To be effective, road safety measures must focus on the source of danger: the cars.
By Ben Bull
Published November 04, 2016
Toronto's media has been ably aiding and abetting the local Emergency, Police and insurance spokespeople as they go about their seedy business of victim-blaming during our ongoing pedestrian-vehicle collision epidemic:
"We live on our phones these days and people tend to lose sight of where they are sometimes when they're on their phone," said State Farm spokesperson John Bordignon.
Toronto police say there were 1,165 vehicle-on-pedestrian collisions from January through August. So far 35 pedestrians have been killed this year, compared with 30 at this point last year.
The Star's strategic placement of the injury stats right after the ubiquitous victim-blaming quote is not accidental; it is, unfortunately, typical.
As for the spokesperson - well, an insurance rep can be forgiven for twisting the narrative. Their loyalty is toward their car-driving customers, after all. But the city's safety spokespeople have no such excuse:
Kim McKinnon, a spokesperson for the city's paramedics, said they tend to see an increase in pedestrians being struck in the fall, when days start to get shorter.
"Obviously, there is something about (the day), the weather and the status of the roads and people rushing that is causing these accidents," she said.
Yeah, thanks, Kim.
Fortunately today the Star attempted to even things out in a column:
Be careful out there. Motorists of Toronto, I'm talking to you. Someone needs to, because we drivers are maiming and killing people at a pretty shocking rate.
Columnist Edward Keenan gets the simple cause-and-effect correlation between innocent-or-not pedestrians and the dangerous weapons that hurt them.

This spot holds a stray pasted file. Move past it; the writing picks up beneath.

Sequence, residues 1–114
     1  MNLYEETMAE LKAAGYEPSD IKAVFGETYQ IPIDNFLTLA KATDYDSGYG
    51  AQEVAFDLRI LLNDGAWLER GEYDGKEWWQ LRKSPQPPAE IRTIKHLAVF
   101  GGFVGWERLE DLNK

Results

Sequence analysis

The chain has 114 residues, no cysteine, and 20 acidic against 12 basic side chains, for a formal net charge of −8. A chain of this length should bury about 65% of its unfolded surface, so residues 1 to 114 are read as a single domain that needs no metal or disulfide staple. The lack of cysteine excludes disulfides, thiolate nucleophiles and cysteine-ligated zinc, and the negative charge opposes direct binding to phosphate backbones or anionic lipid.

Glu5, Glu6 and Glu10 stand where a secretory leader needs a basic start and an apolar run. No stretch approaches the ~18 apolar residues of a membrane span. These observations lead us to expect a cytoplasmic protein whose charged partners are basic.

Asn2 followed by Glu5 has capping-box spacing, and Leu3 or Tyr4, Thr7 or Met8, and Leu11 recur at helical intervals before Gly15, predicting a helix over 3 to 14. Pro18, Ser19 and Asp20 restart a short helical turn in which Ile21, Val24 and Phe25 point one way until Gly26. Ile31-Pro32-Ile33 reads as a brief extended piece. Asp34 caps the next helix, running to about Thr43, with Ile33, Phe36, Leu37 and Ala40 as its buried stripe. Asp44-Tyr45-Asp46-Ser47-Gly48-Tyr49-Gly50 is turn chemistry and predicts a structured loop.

So drivers: slow down, watch out, be careful. It's darker than usual this time of year, sometimes it will be raining, sometimes traffic in this city is going to be frustrating. You need to keep your wits about you, and be patient, and sober, and watch carefully. No place you're going is so important that it is worth killing someone trying to get there a few minutes faster.
You're piloting a glass-and-steel missile that weighs thousands of pounds, so use the appropriate amount of care and attention when you do so.
Someone needs to explicitly and clearly deliver this message to us drivers, because God knows the main thrust of most road safety campaigns is scolding pedestrians about self-defense.
Keenan makes a simple point that is somehow hard to comprehend for many people: Cars kill.
He also addresses the issue of blame, as if this should ever be the primary focus of how we make our streets safer:
[I]n more than two-thirds of cases where they are hit, pedestrians have been obeying the law and have the right-of-way. And for another, because pedestrians who are reckless or distracted mainly pose a danger to themselves. If we are concerned about people being hurt, we need to focus our efforts on deterring those who do the hurting.
Exactly. Even if pedestrians were to blame for all their pain, this should not deter us from targeting the real danger out there. After all, we are all capable of hurting ourselves.
I can stab myself with a knife, jump in front of a train or leap off a tall building. Does that mean I should take a knife awareness course, or wear a special bracelet which zaps me every time I approach a speeding vehicle or peer over a balcony?